In 1983 John Swearingen retired as chairman of the board. In his stead came Richard W. Morrow, who had been president of the Amoco Chemicals Corporation from 1974 until 1978, before assuming the Standard (Indiana) presidency in 1978. In 1985 Standard Oil Company (Indiana) changed its name to Amoco Corporation. Morrow also presided over the 1988 acquisition of Dome Petroleum, Ltd. of Canada, which was later merged into Amoco Canada. Dome, owning 28.7 million acres of undeveloped, arctic-region land, improved Amocos oil and gas reserves. The Dome purchase was hard-won, costing Amoco $4.2 billion. Other chances to expand oil and gas exploration in 1988 came with the acquisition of Tenneco Oil Companys Rocky Mountain properties, for approximately $900 million.

Amoco Corporation saw out the decade with total revenues of $26.7 billion, and a net income of $1.6 billion. By 1990, the need for raw materials had expanded internationally, moving strongly towards Europe and the Far East. Joint ventures in Brazil, Mexico, South Korea, and Taiwan met the growing demand for polyester fibers, helping to generate about 35% of business overseas. Other ventures included long-range research interests focusing on lasers, solar power and biotechnology, including genetic research.

Principal Subsidiaries

Amoco Production Company; Amoco Oil Company; Amoco Chemical Company.

Further Reading

Giddens, Paul H., Standard Oil Company (Indiana): Oil Pioneer of the Middle West, New York, Appleton-Century-Crofts, 1955; Dedmon, Emmett, Challenge and Response: A Modern History of Standard Oil Company (Indiana), Chicago, Mobium Press, 1984.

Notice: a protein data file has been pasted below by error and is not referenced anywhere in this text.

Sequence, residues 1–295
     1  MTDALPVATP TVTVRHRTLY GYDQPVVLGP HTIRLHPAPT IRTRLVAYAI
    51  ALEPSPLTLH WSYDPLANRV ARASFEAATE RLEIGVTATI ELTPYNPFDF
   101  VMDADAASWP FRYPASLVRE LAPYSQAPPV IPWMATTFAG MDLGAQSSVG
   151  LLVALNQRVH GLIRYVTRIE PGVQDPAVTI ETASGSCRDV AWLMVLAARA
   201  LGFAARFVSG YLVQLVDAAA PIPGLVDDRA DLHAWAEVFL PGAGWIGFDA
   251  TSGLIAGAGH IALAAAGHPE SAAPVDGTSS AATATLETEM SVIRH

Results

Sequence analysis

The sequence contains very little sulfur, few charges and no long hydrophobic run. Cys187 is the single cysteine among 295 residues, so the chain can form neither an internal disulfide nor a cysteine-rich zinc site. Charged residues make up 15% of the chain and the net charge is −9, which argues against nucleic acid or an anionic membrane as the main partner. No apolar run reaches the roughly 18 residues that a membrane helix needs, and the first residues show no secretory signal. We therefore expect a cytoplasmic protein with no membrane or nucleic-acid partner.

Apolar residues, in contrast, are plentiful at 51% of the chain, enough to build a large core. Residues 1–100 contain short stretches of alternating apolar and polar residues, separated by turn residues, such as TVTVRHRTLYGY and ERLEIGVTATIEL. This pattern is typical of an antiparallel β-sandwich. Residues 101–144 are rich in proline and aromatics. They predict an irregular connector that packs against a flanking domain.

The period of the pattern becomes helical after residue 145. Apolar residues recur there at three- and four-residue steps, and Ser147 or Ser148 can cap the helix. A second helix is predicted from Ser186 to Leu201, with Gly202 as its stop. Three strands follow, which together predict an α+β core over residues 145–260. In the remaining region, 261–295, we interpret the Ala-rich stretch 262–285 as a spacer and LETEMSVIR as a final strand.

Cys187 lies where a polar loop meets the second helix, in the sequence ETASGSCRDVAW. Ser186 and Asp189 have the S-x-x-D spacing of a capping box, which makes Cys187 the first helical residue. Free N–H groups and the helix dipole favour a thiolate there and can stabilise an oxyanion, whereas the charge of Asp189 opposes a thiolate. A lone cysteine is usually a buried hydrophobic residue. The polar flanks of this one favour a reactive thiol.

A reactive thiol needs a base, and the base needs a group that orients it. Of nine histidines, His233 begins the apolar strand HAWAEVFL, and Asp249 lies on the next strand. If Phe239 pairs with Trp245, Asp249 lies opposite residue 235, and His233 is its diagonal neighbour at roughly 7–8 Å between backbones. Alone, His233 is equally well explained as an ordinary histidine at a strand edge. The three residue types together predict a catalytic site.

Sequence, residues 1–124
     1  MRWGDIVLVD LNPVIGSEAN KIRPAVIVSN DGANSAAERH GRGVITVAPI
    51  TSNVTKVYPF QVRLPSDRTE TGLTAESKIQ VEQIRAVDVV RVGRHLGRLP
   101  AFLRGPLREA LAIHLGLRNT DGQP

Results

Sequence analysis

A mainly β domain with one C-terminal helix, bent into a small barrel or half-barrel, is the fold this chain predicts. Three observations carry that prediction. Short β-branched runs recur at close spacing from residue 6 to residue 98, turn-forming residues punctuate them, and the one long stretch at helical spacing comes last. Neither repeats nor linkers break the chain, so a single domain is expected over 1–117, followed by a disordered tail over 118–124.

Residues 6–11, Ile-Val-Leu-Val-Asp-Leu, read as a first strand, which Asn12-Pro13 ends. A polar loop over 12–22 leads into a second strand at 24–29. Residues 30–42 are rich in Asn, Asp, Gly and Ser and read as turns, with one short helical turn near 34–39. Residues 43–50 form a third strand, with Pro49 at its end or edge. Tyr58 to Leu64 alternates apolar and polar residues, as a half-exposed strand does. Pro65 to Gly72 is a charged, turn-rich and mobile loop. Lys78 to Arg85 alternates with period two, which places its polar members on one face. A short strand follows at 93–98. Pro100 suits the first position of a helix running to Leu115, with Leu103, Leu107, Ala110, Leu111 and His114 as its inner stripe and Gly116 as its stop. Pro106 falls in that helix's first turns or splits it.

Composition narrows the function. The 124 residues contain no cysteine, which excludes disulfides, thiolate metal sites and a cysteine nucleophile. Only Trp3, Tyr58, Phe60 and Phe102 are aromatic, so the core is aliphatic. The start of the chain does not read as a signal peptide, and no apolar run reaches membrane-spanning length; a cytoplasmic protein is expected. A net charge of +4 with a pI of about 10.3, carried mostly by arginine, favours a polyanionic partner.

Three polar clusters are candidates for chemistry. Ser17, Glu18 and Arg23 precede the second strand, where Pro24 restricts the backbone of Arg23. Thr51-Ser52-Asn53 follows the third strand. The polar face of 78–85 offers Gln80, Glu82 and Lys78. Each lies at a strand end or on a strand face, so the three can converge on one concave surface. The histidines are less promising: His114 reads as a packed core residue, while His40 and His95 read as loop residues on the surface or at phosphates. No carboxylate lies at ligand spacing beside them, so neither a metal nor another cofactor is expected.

Gillian Wolf

Cite this article
Pick a style below, and copy the text for your bibliography.

  • MLA
  • Chicago
  • APA

"Amoco Corporation." International Directory of Company Histories. . Encyclopedia.com. 12 Dec. 2018 <https://www.encyclopedia.com>.

"Amoco Corporation." International Directory of Company Histories. . Encyclopedia.com. (December 12, 2018). https://www.encyclopedia.com/books/politics-and-business-magazines/amoco-corporation

"Amoco Corporation." International Directory of Company Histories. . Retrieved December 12, 2018 from Encyclopedia.com: https://www.encyclopedia.com/books/politics-and-business-magazines/amoco-corporation

Learn more about citation styles

Citation styles

Encyclopedia.com gives you the ability to cite reference entries and articles according to common styles from the Modern Language Association (MLA), The Chicago Manual of Style, and the American Psychological Association (APA).

Within the “Cite this article” tool, pick a style to see how all available information looks when formatted according to that style. Then, copy and paste the text into your bibliography or works cited list.

Because each style has its own formatting nuances that evolve over time and not all information is available for every reference entry or article, Encyclopedia.com cannot guarantee each citation it generates. Therefore, it’s best to use Encyclopedia.com citations as a starting point before checking the style against your school or publication’s requirements and the most-recent information available at these sites:

Modern Language Association